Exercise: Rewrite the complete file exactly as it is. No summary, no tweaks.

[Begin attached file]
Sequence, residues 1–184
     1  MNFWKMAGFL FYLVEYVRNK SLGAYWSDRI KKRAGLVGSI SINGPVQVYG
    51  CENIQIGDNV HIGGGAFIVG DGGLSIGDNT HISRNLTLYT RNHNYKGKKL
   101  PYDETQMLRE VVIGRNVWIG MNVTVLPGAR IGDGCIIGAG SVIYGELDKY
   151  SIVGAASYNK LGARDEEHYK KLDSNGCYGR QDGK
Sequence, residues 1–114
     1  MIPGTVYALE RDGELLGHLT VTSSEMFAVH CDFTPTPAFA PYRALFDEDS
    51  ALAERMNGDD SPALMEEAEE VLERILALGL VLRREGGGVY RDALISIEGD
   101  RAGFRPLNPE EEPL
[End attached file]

Sequence, residues 1–184
     1  MNFWKMAGFL FYLVEYVRNK SLGAYWSDRI KKRAGLVGSI SINGPVQVYG
    51  CENIQIGDNV HIGGGAFIVG DGGLSIGDNT HISRNLTLYT RNHNYKGKKL
   101  PYDETQMLRE VVIGRNVWIG MNVTVLPGAR IGDGCIIGAG SVIYGELDKY
   151  SIVGAASYNK LGARDEEHYK KLDSNGCYGR QDGK
Sequence, residues 1–114
     1  MIPGTVYALE RDGELLGHLT VTSSEMFAVH CDFTPTPAFA PYRALFDEDS
    51  ALAERMNGDD SPALMEEAEE VLERILALGL VLRREGGGVY RDALISIEGD
   101  RAGFRPLNPE EEPL